Method for generating higher order genome editing libraries

© Uwe Dettmar, Goethe-Universität Frankfurt

Method for generating higher order genome editing libraries


​CRISPR/Cas and RNAi are powerful methods to perform loss- or gain-of-function gene perturbation experiments. This novel method facilitates the fast generation of CRISPR/Cas or RNAi target sequence libraries in any desired complexity without unwanted sequence bias.


  • ​Gain & loss-of-function genomic screens
  • ​Targeted or unbiased libraries
  • Species independent (3Cs-TGW)
  • ​CRISPR/Cas systems
  • ​shRNA and miRNA (RNAi) formats​

​Customer benefits

  • ​Libraries of any diversity (tested to 1012)
  • ​No sequence bias
  • Synergistic double knockouts
  • ​Restriction enzyme and cloning free
  • ​Very fast and highly reproducible
  • Reduced costs (only 1 primer needed)
  • Rapid protocol (2hrs)


Currently available CRISPR/Cas or RNAi gene perturbation libraries differ significantly in their design and extend. Methods to generate these libraries are based predominantly on conventional restriction enzyme-digestion or Gibson Assembly-directed cloning. As such, these libraries are prone to cloning artifacts and have an up to several hundredfold bias towards a subset of gRNAs directly impeding the scale and quality of subsequent applications and results. Therefore, there is an urgent need for novel methods to generate RNA/DNA-encoded gene perturbation libraries in any complexity without undesired biases.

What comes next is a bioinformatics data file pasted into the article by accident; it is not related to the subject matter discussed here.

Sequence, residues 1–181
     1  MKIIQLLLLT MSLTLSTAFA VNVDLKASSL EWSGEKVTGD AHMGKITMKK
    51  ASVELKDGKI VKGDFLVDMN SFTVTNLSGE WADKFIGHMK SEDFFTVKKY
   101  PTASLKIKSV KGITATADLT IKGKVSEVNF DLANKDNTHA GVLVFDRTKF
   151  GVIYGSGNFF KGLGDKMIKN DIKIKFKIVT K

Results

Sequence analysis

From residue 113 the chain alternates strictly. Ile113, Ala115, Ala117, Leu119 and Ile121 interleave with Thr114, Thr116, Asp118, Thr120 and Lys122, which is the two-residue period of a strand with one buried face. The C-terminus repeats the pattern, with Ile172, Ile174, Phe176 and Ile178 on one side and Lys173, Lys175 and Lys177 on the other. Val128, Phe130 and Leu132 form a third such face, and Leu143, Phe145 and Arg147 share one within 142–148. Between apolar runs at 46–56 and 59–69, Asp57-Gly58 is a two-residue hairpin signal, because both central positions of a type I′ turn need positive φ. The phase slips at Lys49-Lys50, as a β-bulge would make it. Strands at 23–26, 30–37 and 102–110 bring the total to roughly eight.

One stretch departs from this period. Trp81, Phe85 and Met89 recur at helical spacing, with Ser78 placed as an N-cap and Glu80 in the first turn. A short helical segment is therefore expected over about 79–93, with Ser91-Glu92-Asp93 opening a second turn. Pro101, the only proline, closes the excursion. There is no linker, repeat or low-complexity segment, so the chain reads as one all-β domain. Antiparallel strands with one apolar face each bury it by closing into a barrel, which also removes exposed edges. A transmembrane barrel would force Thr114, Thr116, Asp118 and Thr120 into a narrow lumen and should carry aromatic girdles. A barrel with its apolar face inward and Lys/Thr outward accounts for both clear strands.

We have established a simple and highly efficient method that allows the ligation-free cloning of gRNA libraries as well as individual gRNAs in standard gene perturbation plasmids. Our approach can be easily extended to miRNA and shRNA delivery vectors containing an f1-origin of amplification. The method relies on the isolation of single stranded DNA from filamentous phage f1 amplified in E. coli CJ236 in the presence of desoxy-uracil and subsequent hybridization with customer-designed gRNA encoding oligonucleotides followed by T7 DNA polymerase mediated oligonucleotide extension. The resulting Covalently-Closed-Circular synthesized (3Cs) gRNAs are used to transform highly competent bacterial strains to yield individual plasmids or pooled plasmid libraries. These can be used directly to establish individual gene knock-out cell lines or cellular screens. The method is very fast, safe, highly reproducible, extremely efficient, and allows the everyday researcher to establish arrayed gRNA knockouts of individual genes or highly diverse, unbiased truly genome-wide knockout libraries with up to 10 billion unique gRNA sequences. The 3Cs-method significantly shortens hands-on time and simplifies the implementation of gene perturbation experiments in any diversity.